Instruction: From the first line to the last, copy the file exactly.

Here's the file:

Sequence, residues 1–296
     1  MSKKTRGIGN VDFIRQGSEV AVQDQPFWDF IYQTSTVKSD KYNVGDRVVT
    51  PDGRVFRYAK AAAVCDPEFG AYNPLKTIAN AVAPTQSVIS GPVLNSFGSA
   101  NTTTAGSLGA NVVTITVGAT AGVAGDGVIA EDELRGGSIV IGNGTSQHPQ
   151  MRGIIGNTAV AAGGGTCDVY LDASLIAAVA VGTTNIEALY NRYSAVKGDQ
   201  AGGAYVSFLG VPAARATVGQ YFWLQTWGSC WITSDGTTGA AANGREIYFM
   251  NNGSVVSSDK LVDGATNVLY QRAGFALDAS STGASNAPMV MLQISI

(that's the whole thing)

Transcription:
Sequence, residues 1–296
     1  MSKKTRGIGN VDFIRQGSEV AVQDQPFWDF IYQTSTVKSD KYNVGDRVVT
    51  PDGRVFRYAK AAAVCDPEFG AYNPLKTIAN AVAPTQSVIS GPVLNSFGSA
   101  NTTTAGSLGA NVVTITVGAT AGVAGDGVIA EDELRGGSIV IGNGTSQHPQ
   151  MRGIIGNTAV AAGGGTCDVY LDASLIAAVA VGTTNIEALY NRYSAVKGDQ
   201  AGGAYVSFLG VPAARATVGQ YFWLQTWGSC WITSDGTTGA AANGREIYFM
   251  NNGSVVSSDK LVDGATNVLY QRAGFALDAS STGASNAPMV MLQISI